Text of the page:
Faustus was in Wittenberg, he came at times to the house of Melanchthon, of all
people, where he received both hospitality and admonitions. Resenting the latter, he told
his host one day as they descended to dinner that he would make all the pots in his
kitchen fly up through the chimney. To which Melanchthon replied, with less than his
usual eloquence, Dass soltu wol lassen, ich schiesse dir in deine kunstand the
magician, of course, was powerless to harm the saintly man (Palmer and More 121-22).
This Kitchen Debate reproduces in miniature the rhetorical and magical contests between
St. Peter and Simon Magus. The fact that Lercheimer evidently felt it to reflect credit
upon his teacher speaks volumes.
*

The Faustus legend of the sixteenth century thus preserves, for those whose
disciplinary commitments do not blind them to the evidence, traces of a vicious
ideological struggleone in which, to oversimplify matters somewhat, a radically
relativistic current of thought which challenged religious and academic orthodoxies
succumbed to the onslaught of an authoritarian, exclusivist biblical fundamentalism that
had made its own compromises with the structures of political power. Such defeats are
seldom absolute: thus, in 1619, the young Ren Descartes's dreams of a mathesis
universalis and of a single method of inquiry which would reunify the scattered sciences
were stimulated by his reading of Agrippa and of the Hermetic fantasies of the
Rosicrucian manifestos (Descartes, vol. 10, 165, 167-68, 193-200, 214). Yet it was a
defeat. However misleadingly, Joannes Reuchlin has most often been remembered by
historians as the occasion of a violent ideological struggle between humanists and
scholastics (the real issues, as Zika [Reuchlin and Erasmus] and Overfield have
argued, were Reuchlin's courageous opposition to orthodox anti-semitism, in particular
that of the Dominican order, and his propagation of Cabalistic magic). Cornelius Agrippa
has survived, more dubiously, in the rhymes of Struwwelpeter as tall Agrippa, who dips
young racists into his enormous inkwell, from which they emerge as black as the child
whom they have been tormenting. Despite their reputations as scholars, however, the
comparatist, counter-disciplinary turn which Reuchlin and Agrippa represented had little
if any impact upon university curricula in their century.
This fact may seem hard to regret, if one pauses to reflect upon the more wildly
irrational elements in their writings, and upon their systematic failure to distinguish
between the natural order and the order of words. However, something more fundamental
was also at stakequite literally soin the ideological struggles whose traces I have
been investigating.
One can scarcely speak of the legend of Faustus without remembering the central
function in most of its versions of das Ewigweibliche. The eternal feminine, or the
eternal in womanwhether figured by Goethe as Una poenitentium ... sonst Gretchen
genannt, or by Marlowe as that glamorously demonic Helen whose lips suck forth
Faustus's souldraws the protagonist in the direction in which he was already going. It
cannot have escaped attention that the central metaphor of this essay is derived from a
different male image of the eternal feminine, one which registers quite precisely a male
fear of the female body, and which uses it to symbolize the monstrous processes which

escape masculine control.


It may therefore be relevant to observe, in concluding, that one of Cornelius
Agrippa's earliest writings was entitled De nobilitate et praecellentia foeminei sexus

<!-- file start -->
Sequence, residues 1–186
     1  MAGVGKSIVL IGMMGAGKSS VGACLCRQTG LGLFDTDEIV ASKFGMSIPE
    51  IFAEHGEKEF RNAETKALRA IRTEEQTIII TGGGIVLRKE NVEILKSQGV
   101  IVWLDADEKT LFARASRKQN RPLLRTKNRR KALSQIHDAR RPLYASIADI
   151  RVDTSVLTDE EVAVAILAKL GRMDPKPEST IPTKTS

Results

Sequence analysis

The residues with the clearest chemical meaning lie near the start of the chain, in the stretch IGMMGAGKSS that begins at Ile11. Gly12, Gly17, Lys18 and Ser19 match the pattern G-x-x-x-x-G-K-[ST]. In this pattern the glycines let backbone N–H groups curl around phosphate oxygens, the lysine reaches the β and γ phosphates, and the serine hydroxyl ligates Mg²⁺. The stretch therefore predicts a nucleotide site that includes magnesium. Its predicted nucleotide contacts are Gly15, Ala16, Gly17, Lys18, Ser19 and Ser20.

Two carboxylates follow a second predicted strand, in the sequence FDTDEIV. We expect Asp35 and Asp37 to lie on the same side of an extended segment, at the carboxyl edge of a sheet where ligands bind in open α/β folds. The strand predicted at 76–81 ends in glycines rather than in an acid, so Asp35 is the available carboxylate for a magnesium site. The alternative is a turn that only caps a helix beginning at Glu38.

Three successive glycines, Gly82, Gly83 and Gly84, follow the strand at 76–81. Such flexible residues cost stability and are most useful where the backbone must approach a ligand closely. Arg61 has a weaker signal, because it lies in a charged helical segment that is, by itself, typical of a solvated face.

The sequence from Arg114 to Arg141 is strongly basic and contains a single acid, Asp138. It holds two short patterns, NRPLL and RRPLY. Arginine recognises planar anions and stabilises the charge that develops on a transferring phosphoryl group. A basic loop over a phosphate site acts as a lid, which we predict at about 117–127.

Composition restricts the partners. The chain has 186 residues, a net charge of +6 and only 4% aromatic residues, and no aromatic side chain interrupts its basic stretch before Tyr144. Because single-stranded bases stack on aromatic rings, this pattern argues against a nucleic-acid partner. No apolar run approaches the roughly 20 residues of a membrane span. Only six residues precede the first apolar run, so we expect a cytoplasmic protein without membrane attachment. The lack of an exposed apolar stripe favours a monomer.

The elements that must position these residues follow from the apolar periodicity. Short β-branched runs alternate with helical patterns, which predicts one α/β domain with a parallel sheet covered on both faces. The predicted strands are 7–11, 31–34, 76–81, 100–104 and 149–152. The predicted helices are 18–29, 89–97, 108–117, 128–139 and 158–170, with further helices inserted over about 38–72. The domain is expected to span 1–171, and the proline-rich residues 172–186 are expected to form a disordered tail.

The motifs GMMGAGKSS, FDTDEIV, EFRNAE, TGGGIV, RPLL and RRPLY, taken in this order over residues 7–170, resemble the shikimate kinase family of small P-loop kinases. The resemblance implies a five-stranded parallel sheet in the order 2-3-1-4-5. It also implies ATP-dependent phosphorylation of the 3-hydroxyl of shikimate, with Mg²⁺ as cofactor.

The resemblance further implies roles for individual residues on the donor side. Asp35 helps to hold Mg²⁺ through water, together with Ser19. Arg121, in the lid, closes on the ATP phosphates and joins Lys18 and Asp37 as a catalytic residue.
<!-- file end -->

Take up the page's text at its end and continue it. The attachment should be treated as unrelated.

(1509). In this text he argues (I quote from the translation of 1542) that betwene man
and woman by substance of the soule, one hath no higher pre-emynence of nobylytye
above the other, but both of them naturally have equall libertie of dignitie and
worthynesse. But all other thynges, the which be in man, besydes the dyvyne substance of
the soule, in those thynges the excellente and noble womanheed in a manner infynytely
dothe excell the rude grosse kynd [i.e. nature] of men... (sig. Aii v-Aiii). In this text
Agrippa subverts a long-established misogynist tradition with its own weapons of
philological argument and the citation of scriptural and patristic authorities. The work is
exuberantly playful, but that predominantly male scholarly tradition which has interpreted
it as no more than an exercise in paradox is perhaps mistaken. For while Agrippa's
arguments are in places deliberately frivolous, they also insistently call into question the
established order both of gender relations and of ecclesiastical power (Wirth 609-13). In
other writings Agrippa took a vigorous stand against the demonization of the feminine
and of the female body which was under way in his lifetime. He mocked the theological
faculty of the University of Cologne for having given its approval to that brutally
misogynist text, the Malleus maleficarum (Opera, vol. 2, 1043; see Lea, vol. 2, 337-43).
Moreover, in 1518 in Metz he put his career and his life on the line in his successful
defense of a woman who had been accused of witchcraft and tortured by the local
inquisitor (Nauert 59-61).
I conclude, then, with a question. Is it merely a coincidence that the period
between 1560 and the late 1580s, during which the Faustus legend received its full
narrative elaboration, also saw the first major outbreak of witch-hunts in Western Europe
(Monter 35; Midelfort 32, 86-89; Macfarlane 26-27)an outbreak in which, with the
vehement approval of orthodox intellectuals, thousands of people, most of them women,
were imprisoned, tortured and judicially murdered? One may be reminded of the image
of Gretchen, the desired and the betrayed, which appeared to Goethe's Faust on Walpurgis
Night, and of Faust's response to this apparition:
Welch eine Wonne! Welch ein Leiden!
Ich kann von diesem Blick nicht scheiden.
Wie sonderbar muss diesen schnen Hals

Ein einzig-rotes Schnrchen schmcken,


Nicht breiter als ein Messercken! (4201-05)
Or, in Barker Fairley's translation: What joy, what suffering. I can't take my eyes off her.
Strange how the red line round her lovely neck suits her. Not wider than the back of a
knife (73).